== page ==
Enter the dragons – boat races return to Bewl and the Medway

Dragon Boat race (Bewl) Neon Ninjas crew (credit Kerrie Kent @goldheartedclub) (6) copy.JPG [Credit] Picture: Kerrie Kent

The famous Dragon Boat Race returned to Kent’s Bewl Water at the weekend as around 60 crews raced over a 250-metre course in the bid to raise money for charity.

The event has taken part on the reservoir – the largest stretch of inland open water in the South East – since 1998.

Over the last 20 years, more than £2.7million has been raised for more than 400 local, national and international charities from the Dragon Boat races at Bewl.

Dragon Boat race (Bewl) Neon Ninjas crew (credit Kerrie Kent @goldheartedclub) (9) [Credit] Picture: Kerrie Kent
Dragon Boat race (Bewl) Neon Ninjas crew (credit Kerrie Kent @goldheartedclub) (9)
[Credit] Picture: Kerrie Kent
The colourful event sees each crew nominate a charity, with all the proceeds from their team’s efforts going to that cause. Crews of 16 paddlers and a drummer race in Chinese-style dragon boats over a 250-metre course.

Teamwork and enthusiasm are as important as fitness in order to be a winning crew, but the fundraising goes on all year round.

This year’s race, which took place on September 10, was won by ‘Hunta’, beating ‘Snogard’, ‘DJ Civil’ and ‘Mogs’.

The victorious team paddled an orange and purple boat across the water, raising money for the Bone Cancer Research Trust. September is Childhood Cancer Awareness Month.

The event is a magnet for those raising money for various good causes.

Chartwell Cancer Trust had six boats in the event, and a spokesperson told the Times that although none of the crews made it to the final, ‘we have done exceptionally well in the fundraising this year.’

Dragon Boat race (Bewl) Neon Ninjas crew (credit Kerrie Kent @goldheartedclub) (9) [Credit] Picture: Kerrie Kent
Dragon Boat race (Bewl) Neon Ninjas crew (credit Kerrie Kent @goldheartedclub) (9)
[Credit] Picture: Kerrie Kent
Another boat, the ‘Neon Ninjas’, was crewed by those supporting four separate charities,
The Brompton Fountain, Parkinsons UK, Motor Neurone Disease Associaion and the Young Minds Trust.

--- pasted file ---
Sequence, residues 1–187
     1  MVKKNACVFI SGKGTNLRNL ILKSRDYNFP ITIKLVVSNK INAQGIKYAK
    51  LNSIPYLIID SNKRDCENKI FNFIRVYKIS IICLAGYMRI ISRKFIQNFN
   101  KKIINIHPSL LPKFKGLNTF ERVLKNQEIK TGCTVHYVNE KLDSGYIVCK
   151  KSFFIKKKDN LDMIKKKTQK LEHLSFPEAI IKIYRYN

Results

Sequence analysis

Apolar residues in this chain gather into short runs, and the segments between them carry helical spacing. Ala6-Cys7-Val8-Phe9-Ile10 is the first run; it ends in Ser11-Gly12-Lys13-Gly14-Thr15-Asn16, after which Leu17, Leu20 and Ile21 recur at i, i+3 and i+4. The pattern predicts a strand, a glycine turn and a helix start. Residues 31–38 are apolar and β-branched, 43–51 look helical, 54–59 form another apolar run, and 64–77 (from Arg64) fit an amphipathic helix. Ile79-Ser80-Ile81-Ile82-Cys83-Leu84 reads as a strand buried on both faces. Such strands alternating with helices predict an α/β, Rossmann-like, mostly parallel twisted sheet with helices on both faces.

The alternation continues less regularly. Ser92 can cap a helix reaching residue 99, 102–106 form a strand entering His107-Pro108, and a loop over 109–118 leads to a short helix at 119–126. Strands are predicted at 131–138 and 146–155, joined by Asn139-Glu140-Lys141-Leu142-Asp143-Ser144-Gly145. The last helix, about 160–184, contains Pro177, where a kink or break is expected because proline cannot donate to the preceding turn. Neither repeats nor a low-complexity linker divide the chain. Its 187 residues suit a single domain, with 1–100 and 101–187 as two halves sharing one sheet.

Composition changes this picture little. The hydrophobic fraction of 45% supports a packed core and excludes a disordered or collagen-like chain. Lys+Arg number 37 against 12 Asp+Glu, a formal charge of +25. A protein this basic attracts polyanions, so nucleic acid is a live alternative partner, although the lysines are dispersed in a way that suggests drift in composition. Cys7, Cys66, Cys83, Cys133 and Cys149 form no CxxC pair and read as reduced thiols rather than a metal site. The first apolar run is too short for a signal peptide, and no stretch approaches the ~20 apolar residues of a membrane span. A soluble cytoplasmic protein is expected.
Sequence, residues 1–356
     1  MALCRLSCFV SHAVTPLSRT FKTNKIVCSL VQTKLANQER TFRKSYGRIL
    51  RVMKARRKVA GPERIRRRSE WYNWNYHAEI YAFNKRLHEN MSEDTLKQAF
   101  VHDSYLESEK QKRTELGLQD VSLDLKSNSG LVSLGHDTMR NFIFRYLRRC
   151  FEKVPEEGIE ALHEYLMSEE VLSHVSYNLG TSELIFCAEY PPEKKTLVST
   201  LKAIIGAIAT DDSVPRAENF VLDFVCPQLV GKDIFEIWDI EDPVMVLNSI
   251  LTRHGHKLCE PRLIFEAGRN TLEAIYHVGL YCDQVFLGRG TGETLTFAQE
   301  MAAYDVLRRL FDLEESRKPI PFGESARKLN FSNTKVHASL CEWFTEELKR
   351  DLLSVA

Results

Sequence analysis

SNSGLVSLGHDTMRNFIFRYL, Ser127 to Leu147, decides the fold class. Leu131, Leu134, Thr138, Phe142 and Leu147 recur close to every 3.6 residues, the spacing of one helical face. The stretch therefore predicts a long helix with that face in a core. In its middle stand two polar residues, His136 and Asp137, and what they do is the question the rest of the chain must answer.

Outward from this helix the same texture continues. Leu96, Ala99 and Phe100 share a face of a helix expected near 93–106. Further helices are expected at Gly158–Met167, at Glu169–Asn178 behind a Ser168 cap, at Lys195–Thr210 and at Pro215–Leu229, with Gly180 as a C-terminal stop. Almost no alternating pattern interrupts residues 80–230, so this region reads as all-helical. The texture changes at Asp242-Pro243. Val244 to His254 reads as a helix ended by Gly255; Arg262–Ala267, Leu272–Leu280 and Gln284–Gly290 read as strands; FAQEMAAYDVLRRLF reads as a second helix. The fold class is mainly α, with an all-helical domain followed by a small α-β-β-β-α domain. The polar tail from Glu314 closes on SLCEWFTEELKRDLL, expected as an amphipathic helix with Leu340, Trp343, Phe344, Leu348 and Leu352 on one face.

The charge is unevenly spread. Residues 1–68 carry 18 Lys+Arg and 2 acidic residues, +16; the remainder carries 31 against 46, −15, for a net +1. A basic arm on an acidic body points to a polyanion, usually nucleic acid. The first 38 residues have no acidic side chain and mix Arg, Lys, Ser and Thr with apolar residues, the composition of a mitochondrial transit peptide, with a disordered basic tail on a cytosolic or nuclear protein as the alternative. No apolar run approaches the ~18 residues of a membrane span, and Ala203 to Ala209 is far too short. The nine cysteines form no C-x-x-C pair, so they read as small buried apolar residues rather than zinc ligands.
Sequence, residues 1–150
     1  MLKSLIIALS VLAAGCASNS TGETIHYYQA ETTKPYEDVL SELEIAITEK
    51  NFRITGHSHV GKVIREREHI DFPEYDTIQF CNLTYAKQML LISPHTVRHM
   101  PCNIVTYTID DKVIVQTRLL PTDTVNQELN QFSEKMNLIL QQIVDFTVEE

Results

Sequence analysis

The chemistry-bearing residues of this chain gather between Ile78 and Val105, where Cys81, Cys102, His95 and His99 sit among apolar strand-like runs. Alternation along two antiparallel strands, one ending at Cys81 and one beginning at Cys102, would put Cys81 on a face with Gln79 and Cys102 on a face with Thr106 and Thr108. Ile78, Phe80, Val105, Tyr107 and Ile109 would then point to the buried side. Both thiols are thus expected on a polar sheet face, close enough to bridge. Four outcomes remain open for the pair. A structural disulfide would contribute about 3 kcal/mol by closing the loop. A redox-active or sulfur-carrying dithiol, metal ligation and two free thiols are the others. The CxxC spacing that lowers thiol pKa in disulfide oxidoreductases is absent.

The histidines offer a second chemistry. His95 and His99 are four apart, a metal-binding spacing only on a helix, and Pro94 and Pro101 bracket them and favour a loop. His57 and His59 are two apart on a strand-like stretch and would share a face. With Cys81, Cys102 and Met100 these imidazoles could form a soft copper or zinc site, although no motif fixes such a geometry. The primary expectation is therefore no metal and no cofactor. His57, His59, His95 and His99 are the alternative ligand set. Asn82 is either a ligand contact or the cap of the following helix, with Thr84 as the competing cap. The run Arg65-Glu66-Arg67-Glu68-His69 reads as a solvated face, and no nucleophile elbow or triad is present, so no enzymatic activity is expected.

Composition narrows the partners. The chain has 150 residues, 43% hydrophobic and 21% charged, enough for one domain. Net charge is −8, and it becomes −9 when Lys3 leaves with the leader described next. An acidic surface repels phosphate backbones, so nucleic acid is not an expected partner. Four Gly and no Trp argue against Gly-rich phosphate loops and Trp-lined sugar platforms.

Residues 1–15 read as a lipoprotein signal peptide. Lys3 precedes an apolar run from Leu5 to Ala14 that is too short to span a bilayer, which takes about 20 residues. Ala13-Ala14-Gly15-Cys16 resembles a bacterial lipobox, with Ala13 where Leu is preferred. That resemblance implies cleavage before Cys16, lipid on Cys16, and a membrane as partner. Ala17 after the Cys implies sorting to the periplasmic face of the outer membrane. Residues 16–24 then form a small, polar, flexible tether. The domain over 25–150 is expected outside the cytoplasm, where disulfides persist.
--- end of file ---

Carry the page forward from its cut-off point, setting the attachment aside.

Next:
Their crew’s total of £2,240 would be split between the four, The Brompton Fountain supporter Kerrie Kent said.

Yet the drumbeat of this important charitable event was nearly lost in 2018, when organisers Funraisers announced that that year’s races would be their last.

However, Bewl Water’s operational team stepped in to organise the event.

Operations director at Bewl Water, Andrew Daniells said at the time: “Funraisers have developed the Bewl Dragon Boat Festival over many years.

“So, not to host this special charity fundraising day, marked on so many peoples’ calendar, would be a great shame.

“We will again be working alongside the team at [equipment suppliers] Dragon Boat Events adding other attractions to this great annual family occasion.”

Bewl Water, which is run by Elite Leisure Collection, which also owns One Media, publisher of the Times, played host to the annual race on Saturday (September 10).



Originating in China, dragon boat racing is one of Hong Kong’s most colourful, competitive summer events and has a rich history that dates back over 2,000 years.

On the fifth day of the fifth lunar month, superstitious villagers would set out to awaken the hibernating heavenly dragon – the symbol of water, encouraging rainfall and bringing good luck to the coming crop season.

Over the years, the event soon became associated with the myth of Qu Yuan, a great warrior and poet who threw himself in the river Mi Lo as an act of protest.

It is said that villagers went out in the river with boats and drums to try to rescue his body and splashed their oars in the water to warn off the dragons that occupied them.

Dragon boat racing has become the world’s fastest growing water sport and is now practised in over 60 countries around the world including in the UK, where events are organised by the British Dragon Boat Racing Association (BDA).

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